Harvard Researchers Say These 5 Habits Could Help You Live a Longer, Healthier Life
By now, you probably already know that your diet and lifestyle can impact your risk for chronic diseases like cancer, heart disease, diabetes and more. But a brand-new study from Harvard University shows just how much of an impact our daily choices can have on our health and longevity.
This new study, published in BMJ, analyzed 34 years of data from over 110,000 adults who participated in the Nurses' Health and Health Professionals Follow-Up studies. The researchers found, on average, that the middle-aged participants who followed healthy lifestyle habits increased the number of years they lived without chronic disease, as well as their overall life expectancy.
"Previous studies have found that following a healthy lifestyle improves overall life expectancy and reduces risk of chronic diseases such as diabetes, cardiovascular disease and cancer, but few studies have looked at the effects of lifestyle factors on life expectancy free from such diseases," said lead author Yanping Li in a press release. "This study provides strong evidence that following a healthy lifestyle can substantially extend the years a person lives disease-free."
These lifestyle habits were: following a healthy diet, engaging in regular exercise, maintaining a healthy weight, drinking in moderation and not smoking. A healthy diet was defined by the Alternate Healthy Eating Index, which is similar to the Mediterranean Diet, placing an emphasis on whole, plant-based foods, fish, heart-healthy fats and whole grains, while limiting consumption of red meat, highly processed foods and sugar-sweetened beverages.
Regular exercise was defined as at least 30 minutes of moderate to vigorous activity each day, while a healthy weight was defined as a body mass index of 18.5-24.9. And moderate alcohol intake followed the current recommendation of up to one serving per day for women and up to two for men.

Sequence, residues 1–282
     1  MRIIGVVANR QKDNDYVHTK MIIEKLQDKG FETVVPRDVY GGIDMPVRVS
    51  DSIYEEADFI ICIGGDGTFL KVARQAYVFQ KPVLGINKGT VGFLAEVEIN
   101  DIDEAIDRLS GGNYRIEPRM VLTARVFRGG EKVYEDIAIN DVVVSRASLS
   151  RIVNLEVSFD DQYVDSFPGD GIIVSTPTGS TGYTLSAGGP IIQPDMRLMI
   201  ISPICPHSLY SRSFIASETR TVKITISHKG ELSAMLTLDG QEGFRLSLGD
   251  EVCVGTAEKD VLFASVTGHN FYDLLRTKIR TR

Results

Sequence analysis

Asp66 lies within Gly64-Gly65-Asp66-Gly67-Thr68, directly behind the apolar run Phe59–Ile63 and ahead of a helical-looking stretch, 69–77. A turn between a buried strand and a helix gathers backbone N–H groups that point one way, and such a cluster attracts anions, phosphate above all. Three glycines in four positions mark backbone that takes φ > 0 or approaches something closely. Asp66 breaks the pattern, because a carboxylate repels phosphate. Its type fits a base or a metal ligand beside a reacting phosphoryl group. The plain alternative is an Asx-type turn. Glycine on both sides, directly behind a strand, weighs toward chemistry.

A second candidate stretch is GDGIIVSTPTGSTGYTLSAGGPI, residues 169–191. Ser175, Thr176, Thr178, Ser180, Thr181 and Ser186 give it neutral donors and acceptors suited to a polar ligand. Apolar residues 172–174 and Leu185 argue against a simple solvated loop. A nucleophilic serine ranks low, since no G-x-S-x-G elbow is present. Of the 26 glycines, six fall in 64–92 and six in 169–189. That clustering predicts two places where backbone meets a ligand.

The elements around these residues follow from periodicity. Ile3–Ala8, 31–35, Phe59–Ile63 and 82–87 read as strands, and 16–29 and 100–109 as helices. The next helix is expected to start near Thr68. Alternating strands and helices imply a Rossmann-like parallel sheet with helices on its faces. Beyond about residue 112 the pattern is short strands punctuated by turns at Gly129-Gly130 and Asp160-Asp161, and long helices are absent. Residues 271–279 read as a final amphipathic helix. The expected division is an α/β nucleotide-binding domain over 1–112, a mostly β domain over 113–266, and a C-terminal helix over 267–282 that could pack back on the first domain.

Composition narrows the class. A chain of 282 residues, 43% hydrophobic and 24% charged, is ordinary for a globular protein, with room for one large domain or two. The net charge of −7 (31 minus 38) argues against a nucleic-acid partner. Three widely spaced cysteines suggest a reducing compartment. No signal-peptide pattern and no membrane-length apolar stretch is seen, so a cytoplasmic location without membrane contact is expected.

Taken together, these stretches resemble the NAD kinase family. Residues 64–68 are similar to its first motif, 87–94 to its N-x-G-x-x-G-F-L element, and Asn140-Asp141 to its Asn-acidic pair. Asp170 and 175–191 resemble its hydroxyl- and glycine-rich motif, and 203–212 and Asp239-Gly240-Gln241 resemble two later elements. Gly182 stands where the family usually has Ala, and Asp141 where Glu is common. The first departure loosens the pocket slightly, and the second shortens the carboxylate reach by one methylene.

Women who followed four or five of these lifestyle behaviors experienced 10 more disease-free years, compared to those who didn't practice any on a regular basis. Men who exhibited four or five of these behaviors lived nearly seven years longer than those who didn't practice any on a regular basis. Men who were current heavy smokers and women who were in the obesity range for BMI were the most likely to have the shortest number of disease-free years.
"Given the high cost of chronic disease treatment, public policies to promote a healthy lifestyle by improving food and physical environments would help to reduce health care costs and improve quality of life," said senior author Frank Hu, chair of Harvard University's Department of Nutrition.
The Bottom Line
Overall, these habits are great lifestyle behaviors to start practicing now—no matter your age. However, while eating more veggies, exercising, watching your alcohol consumption and not smoking are all goals to strive for, science shows that the body mass index is outdated and there are many healthy people who live outside of this range.
"BMI isn't really a helpful measurement of how healthy someone is," says EatingWell's Senior Digital Nutrition Editor Lisa Valente, M.S., R.D. "It looks at one's height and weight but that's it, and that's not really enough data to say anything conclusively."
Valente says while BMI is an easy way for researchers to analyze a person, it's just a number and doesn't take into account that plenty of people in larger bodies have other amazing numbers, like cholesterol, blood pressure and blood glucose. She also noted that plenty of people with "healthy" BMIs may not be any healthier and could be engaging in unhealthy methods to maintain their weight.